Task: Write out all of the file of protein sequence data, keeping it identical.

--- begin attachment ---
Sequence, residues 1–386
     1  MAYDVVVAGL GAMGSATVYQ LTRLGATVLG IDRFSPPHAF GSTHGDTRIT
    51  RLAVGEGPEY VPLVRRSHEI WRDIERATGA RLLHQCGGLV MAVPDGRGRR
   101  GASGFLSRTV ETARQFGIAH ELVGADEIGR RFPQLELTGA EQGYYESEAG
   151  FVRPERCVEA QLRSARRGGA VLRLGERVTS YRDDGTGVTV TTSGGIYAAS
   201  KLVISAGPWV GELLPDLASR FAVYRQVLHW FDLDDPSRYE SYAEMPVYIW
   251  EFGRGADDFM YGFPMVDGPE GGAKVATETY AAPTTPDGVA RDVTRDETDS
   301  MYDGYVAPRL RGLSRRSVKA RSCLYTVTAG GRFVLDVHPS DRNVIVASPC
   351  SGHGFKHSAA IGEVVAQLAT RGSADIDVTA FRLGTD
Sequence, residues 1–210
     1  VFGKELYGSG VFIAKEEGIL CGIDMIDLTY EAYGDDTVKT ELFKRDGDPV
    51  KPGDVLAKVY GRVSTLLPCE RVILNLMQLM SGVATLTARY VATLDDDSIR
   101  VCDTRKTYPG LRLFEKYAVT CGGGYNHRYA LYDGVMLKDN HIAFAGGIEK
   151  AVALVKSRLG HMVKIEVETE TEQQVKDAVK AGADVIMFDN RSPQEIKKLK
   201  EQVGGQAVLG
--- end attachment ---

Sequence, residues 1–386
     1  MAYDVVVAGL GAMGSATVYQ LTRLGATVLG IDRFSPPHAF GSTHGDTRIT
    51  RLAVGEGPEY VPLVRRSHEI WRDIERATGA RLLHQCGGLV MAVPDGRGRR
   101  GASGFLSRTV ETARQFGIAH ELVGADEIGR RFPQLELTGA EQGYYESEAG
   151  FVRPERCVEA QLRSARRGGA VLRLGERVTS YRDDGTGVTV TTSGGIYAAS
   201  KLVISAGPWV GELLPDLASR FAVYRQVLHW FDLDDPSRYE SYAEMPVYIW
   251  EFGRGADDFM YGFPMVDGPE GGAKVATETY AAPTTPDGVA RDVTRDETDS
   301  MYDGYVAPRL RGLSRRSVKA RSCLYTVTAG GRFVLDVHPS DRNVIVASPC
   351  SGHGFKHSAA IGEVVAQLAT RGSADIDVTA FRLGTD
Sequence, residues 1–210
     1  VFGKELYGSG VFIAKEEGIL CGIDMIDLTY EAYGDDTVKT ELFKRDGDPV
    51  KPGDVLAKVY GRVSTLLPCE RVILNLMQLM SGVATLTARY VATLDDDSIR
   101  VCDTRKTYPG LRLFEKYAVT CGGGYNHRYA LYDGVMLKDN HIAFAGGIEK
   151  AVALVKSRLG HMVKIEVETE TEQQVKDAVK AGADVIMFDN RSPQEIKKLK
   201  EQVGGQAVLG